Category: Television


AFTERLIFE written, directed by and starring Ricky Gervais

(A Netflix Original, 2019)

Screen shot 2019-03-11 at 18.59.48Yesterday, I blogged about Gus Van Sant’s flawed attempt to deal with complicated issues of guilt and grief in ‘The Sea of Trees’.

In that movie, the death of the lead character’s wife drives the leading male into a narcissistic flirtation with suicide until he finds some vague spiritual redemption. This kind of cop-out is all too often the way these stories go.

God’s reputation for moving in mysterious ways allows scriptwriters to sidestep the less palatable, but all too probable, conclusion that when this mortal coil is cut there is no heaven or hell, no all-knowing deity. …. nothing.

These too infrequently voiced non-beliefs are squarely addressed in the unlikely form of a new comedy vehicle for Ricky Gervais. Since Gervais has been outspoken advocate of atheism, it is with a knowing sense of irony that he should choose to call his six part series on Netflix ‘Afterlife’. Continue reading

Advertisements

WIDOWS directed by Steve McQueen (UK,USA 2018)

widows_282018_movie_poster29There are many reasons why the best TV series are more rewarding and creative than most current movies and Steve McQueen’s latest feature film illustrates why.

There’s something deeply unsatisfying and frustrating about seeing a complex, multi-layered plot condensed into just over two hours. A story divided into one hour episodes can take its time building nuanced characters and the twists, when they come, they don’t feel forced or rushed.

‘Widows’ is based on Lynda La Plante’s ITV series broadcast in the UK in the early 1980s. La Plante had previously written the peerless ‘Prime Suspect’ starring Helen Mirren which proved that ball-breaking women make compelling protagonists. Continue reading

black-mirror-logoThese days I find most TV shows cringeworthy rather than bingeworthy. Black Mirror is the exception that proves the rule.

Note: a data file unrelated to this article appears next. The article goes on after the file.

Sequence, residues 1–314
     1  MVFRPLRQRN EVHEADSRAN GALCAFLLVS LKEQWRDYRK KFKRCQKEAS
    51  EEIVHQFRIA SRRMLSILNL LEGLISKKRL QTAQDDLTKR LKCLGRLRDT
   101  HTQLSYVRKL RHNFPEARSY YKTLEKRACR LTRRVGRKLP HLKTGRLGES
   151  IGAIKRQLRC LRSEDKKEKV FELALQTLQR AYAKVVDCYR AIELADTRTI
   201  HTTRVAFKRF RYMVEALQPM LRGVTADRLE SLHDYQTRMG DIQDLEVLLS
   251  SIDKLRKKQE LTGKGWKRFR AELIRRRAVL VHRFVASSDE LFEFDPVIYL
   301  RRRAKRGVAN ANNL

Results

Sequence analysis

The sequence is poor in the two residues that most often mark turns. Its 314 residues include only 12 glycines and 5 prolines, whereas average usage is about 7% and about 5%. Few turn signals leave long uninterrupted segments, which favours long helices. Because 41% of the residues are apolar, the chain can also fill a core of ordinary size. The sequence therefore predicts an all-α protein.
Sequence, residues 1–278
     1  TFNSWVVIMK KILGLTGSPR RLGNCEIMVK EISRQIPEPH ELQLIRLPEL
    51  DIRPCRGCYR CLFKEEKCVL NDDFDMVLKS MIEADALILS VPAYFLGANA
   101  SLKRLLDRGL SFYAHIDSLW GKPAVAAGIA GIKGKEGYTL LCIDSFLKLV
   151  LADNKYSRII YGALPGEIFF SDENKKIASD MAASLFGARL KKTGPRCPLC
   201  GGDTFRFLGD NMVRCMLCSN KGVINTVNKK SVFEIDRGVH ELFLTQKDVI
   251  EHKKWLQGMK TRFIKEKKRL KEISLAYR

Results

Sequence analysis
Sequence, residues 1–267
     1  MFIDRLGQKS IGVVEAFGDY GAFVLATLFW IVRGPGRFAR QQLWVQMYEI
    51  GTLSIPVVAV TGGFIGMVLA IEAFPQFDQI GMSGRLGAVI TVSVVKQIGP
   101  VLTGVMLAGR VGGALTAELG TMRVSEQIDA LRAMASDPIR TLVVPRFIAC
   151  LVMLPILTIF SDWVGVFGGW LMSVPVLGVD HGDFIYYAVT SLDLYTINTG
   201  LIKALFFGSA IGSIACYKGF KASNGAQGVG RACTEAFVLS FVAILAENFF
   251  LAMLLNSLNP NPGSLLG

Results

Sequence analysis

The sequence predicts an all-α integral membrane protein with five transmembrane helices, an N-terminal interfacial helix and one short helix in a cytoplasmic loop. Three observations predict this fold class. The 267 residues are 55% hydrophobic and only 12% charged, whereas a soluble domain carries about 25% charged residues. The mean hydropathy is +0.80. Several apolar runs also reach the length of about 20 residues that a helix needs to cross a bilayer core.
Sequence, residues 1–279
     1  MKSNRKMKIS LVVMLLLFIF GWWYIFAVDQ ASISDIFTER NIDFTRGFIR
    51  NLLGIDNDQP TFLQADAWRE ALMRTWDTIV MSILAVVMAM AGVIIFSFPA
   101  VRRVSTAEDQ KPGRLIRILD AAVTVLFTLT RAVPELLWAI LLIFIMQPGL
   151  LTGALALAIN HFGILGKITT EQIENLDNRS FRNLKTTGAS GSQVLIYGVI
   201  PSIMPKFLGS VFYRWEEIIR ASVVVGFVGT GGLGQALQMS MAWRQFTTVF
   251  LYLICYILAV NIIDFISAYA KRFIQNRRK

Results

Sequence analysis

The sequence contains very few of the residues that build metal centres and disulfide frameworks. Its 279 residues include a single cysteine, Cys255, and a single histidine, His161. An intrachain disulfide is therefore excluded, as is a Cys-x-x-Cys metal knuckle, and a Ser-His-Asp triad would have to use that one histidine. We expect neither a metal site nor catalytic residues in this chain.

Charlie Brooker’s brilliant techie-themed tales of the unexpected continue to enthrall and entertain.

The six diverse new episodes in season 4 were released by Netflix on December 29th and I consumed them all eagerly in just a couple of days. Continue reading

THE STORY OF LOOKING by Mark Cousins (Canongate Books, 2017)

mark1As with his previous book – The Story Of Film (the tie-in with the brilliant Channel 4 series) , Mark Cousins acts as an articulate and able guide in the same way that E.H. Gombrich did for ‘The Story of Art’ in 1950.

Like Gombrich, the language is kept simple and jargon free in order to appeal to readers of all ages.

It’s easy to imagine Cousins carefully preparing each chapter in the same way as teachers put together lesson plans. He’ll have pack of slides to show and discuss in the classroom but he’ll be ready to shuffle these up to keep students on their toes and to relieve boredom.

There is clearly an educational purpose behind such an ambitious study but there also a desire to keep things as light, accessible and entertaining as possible. Continue reading

THE PLACE directed by Paolo Genovese (Italy, 2017)

theplaceAt the time of writing, The Place is the most popular movie in Italy outperfoming blockbusters like Thor Ragnarok and Justice League.

In terms of budget, plot and special effects it couldn’t be further from these Marvel spin-offs. The whole movie consists of dialogues in a single location, a bar in Rome which appears never to close or else allows customers to remain for 24 hours a day.

Instead of of rip-roaring action we are drawn into the set of stories that subtly overlap and gradually reveal common threads. Continue reading

%d bloggers like this: